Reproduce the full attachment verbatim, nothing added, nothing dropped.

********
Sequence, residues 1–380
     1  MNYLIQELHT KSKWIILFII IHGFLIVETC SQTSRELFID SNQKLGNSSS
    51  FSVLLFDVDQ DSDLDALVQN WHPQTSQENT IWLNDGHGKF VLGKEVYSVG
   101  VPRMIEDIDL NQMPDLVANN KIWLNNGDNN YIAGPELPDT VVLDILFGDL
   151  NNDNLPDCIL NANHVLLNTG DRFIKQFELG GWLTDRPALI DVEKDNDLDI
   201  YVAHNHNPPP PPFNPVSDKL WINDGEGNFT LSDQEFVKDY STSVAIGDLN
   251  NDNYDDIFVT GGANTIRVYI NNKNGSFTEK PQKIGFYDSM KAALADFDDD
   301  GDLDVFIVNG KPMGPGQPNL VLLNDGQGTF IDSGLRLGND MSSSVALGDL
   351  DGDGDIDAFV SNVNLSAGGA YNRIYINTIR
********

Sequence, residues 1–380
     1  MNYLIQELHT KSKWIILFII IHGFLIVETC SQTSRELFID SNQKLGNSSS
    51  FSVLLFDVDQ DSDLDALVQN WHPQTSQENT IWLNDGHGKF VLGKEVYSVG
   101  VPRMIEDIDL NQMPDLVANN KIWLNNGDNN YIAGPELPDT VVLDILFGDL
   151  NNDNLPDCIL NANHVLLNTG DRFIKQFELG GWLTDRPALI DVEKDNDLDI
   201  YVAHNHNPPP PPFNPVSDKL WINDGEGNFT LSDQEFVKDY STSVAIGDLN
   251  NDNYDDIFVT GGANTIRVYI NNKNGSFTEK PQKIGFYDSM KAALADFDDD
   301  GDLDVFIVNG KPMGPGQPNL VLLNDGQGTF IDSGLRLGND MSSSVALGDL
   351  DGDGDIDAFV SNVNLSAGGA YNRIYINTIR